My pet seems healthy. Why do I need to bring them in for an exam every year?

Because an ounce of prevention is worth a pound of cure! Not only do our pets age faster than we do, but they can be very good at hiding signs of illness or injury until the problem has progressed to a severe level. By bringing your adult pets in annually and your senior pets semiannually, we’re able to not only keep a close eye on their health but also detect and treat any problems while they’re in their early stages. The earlier a problem is addressed, the better the outcome will be—and in many cases, it will be easier for your pet and less expensive for you.

When is my pet considered a “senior?”

Generally, cats are considered senior at 9 or 10 years old. Roughly speaking, dogs are considered seniors at about seven years of age, but it varies according to breed and size:

  • Small or toy breeds (less than 20 pounds): 8 to 11 years
  • Medium-sized breeds (20 to 50 pounds): 8 to 10 years
  • Large breeds (50 to 90 pounds): 8 to 9 years
  • Giant breeds (more than 90 pounds): 6 to 7 years

What vaccines does my pet need?

In Indiana, the rabies vaccine is legally required for all cats, dogs, and ferrets over the age of three months. Other “core” vaccines that are not legally required but are recommended for all pets include the DHPP vaccine for dogs and the FVRCP vaccine for cats. Additional vaccines may be recommended for your pet based on their lifestyle and level of risk.

Why do puppies and kittens require a series of vaccinations?

Young animals are highly susceptible to infectious diseases because their immune systems are not yet mature. In many instances, the first dose of a vaccine prepares your pet’s immune system to recognize a virus or bacteria, and later doses help further stimulate the immune system to produce the important antibodies needed to protect them. Most puppies and kittens need vaccines every three to four weeks from the time they are eight weeks old to around four months of age.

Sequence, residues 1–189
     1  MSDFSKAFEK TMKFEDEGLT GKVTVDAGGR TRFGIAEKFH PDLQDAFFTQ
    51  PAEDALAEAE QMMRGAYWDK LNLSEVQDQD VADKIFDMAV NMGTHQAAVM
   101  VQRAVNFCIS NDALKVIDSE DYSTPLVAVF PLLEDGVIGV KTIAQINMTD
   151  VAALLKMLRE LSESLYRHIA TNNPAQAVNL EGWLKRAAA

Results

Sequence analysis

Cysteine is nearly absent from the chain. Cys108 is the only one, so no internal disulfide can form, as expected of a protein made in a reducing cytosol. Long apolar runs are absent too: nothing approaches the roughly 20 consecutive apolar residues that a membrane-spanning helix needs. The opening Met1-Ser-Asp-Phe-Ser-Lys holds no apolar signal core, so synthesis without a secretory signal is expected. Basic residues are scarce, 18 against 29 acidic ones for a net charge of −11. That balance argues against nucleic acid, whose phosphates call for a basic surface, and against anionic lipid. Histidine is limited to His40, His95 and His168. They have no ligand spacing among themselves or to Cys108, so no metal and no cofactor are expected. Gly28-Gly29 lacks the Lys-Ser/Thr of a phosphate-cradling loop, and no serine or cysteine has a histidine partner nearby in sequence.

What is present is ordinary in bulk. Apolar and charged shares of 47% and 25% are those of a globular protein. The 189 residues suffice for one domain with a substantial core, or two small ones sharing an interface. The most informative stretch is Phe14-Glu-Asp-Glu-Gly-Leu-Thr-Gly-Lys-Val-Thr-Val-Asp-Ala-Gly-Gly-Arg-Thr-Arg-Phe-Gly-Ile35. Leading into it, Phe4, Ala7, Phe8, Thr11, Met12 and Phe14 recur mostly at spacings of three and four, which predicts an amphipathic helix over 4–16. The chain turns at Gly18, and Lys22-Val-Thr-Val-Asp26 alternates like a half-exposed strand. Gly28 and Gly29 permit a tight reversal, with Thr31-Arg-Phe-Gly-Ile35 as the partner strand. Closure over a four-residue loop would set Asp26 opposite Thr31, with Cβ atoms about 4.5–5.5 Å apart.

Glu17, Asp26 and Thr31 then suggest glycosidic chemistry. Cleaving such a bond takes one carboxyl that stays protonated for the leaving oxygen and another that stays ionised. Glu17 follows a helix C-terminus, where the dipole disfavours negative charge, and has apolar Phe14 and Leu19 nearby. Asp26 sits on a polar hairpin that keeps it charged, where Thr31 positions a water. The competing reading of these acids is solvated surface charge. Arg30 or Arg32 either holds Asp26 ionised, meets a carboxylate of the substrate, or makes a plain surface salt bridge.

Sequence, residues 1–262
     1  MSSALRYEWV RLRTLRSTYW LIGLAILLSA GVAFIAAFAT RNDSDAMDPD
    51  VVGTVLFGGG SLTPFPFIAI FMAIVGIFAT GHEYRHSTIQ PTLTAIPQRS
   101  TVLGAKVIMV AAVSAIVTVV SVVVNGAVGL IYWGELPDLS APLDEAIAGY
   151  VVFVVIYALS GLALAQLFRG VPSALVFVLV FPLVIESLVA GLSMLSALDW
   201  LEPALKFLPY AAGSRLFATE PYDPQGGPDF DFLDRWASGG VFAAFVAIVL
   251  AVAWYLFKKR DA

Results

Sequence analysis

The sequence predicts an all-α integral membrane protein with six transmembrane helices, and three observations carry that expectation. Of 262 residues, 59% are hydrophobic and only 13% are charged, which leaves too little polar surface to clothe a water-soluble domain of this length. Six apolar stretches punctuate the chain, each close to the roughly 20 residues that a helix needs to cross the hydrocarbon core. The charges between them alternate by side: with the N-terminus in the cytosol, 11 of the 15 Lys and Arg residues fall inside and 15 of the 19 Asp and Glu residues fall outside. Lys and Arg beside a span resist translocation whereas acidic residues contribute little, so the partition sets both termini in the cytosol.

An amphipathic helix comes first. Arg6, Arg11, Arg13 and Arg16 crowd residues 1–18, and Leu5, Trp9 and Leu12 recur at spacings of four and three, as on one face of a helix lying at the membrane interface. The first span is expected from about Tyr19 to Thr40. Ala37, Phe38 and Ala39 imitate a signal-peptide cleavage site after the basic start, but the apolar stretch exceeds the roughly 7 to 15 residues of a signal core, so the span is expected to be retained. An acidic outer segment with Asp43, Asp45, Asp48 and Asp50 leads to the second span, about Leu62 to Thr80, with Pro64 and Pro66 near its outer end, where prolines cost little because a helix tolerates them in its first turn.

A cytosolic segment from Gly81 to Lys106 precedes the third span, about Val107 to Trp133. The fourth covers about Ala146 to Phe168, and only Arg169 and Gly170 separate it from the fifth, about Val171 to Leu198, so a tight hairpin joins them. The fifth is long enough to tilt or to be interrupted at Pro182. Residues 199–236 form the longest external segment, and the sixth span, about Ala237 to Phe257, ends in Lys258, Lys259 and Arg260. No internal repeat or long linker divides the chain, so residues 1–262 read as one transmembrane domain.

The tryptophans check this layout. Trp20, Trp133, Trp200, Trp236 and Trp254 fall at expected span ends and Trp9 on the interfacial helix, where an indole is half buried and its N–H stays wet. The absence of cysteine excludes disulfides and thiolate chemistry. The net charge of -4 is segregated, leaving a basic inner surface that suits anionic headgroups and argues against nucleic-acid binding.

Does heartworm/flea/tick prevention really need to be given year-round?

Absolutely, yes! Fleas, ticks, and heartworm-spreading mosquitoes are present year-round. Prevention is the key to avoiding parasite infections and infestations, which are both dangerous to your pet’s health and expensive to treat. There are many ways for your dog or cat to contract parasites—even indoor-only pets can be infected by things tracked in by humans or indoor/outdoor pets.

My pet seems to have the same problem that they were previously treated for. Why can’t the vet just prescribe the same medication again?

Many illnesses have the same kind of symptoms, and even though your pet may appear to be showing the same ones, the problem may be different. Additionally, another medication or treatment may be needed altogether.

What kind of food is healthiest for my pet?

There are a lot of different pet food choices out there, and it can be confusing to determine the best diet for your furry friend. Our veterinarians use evidence-based and science-backed nutritional guidelines in their dietary recommendations, and we’ll help you cut through the hype (and slick ad campaigns) and figure out the best diet for your pet.

Should I spay/neuter my pet? When should this procedure be done?

Yes! Spaying or neutering your pet is not only essential to controlling the pet population and reducing the needless euthanasia of homeless pets, it has health benefits for your pet as well. Spaying or neutering your pet can reduce the likelihood of some kinds of cancer and can also help curb unwanted behaviors like aggression, marking, and the urge to roam. In general, a pet can be spayed or neutered at around five to six months of age, but your vet will work with you to determine the best age for your pet to have their surgery.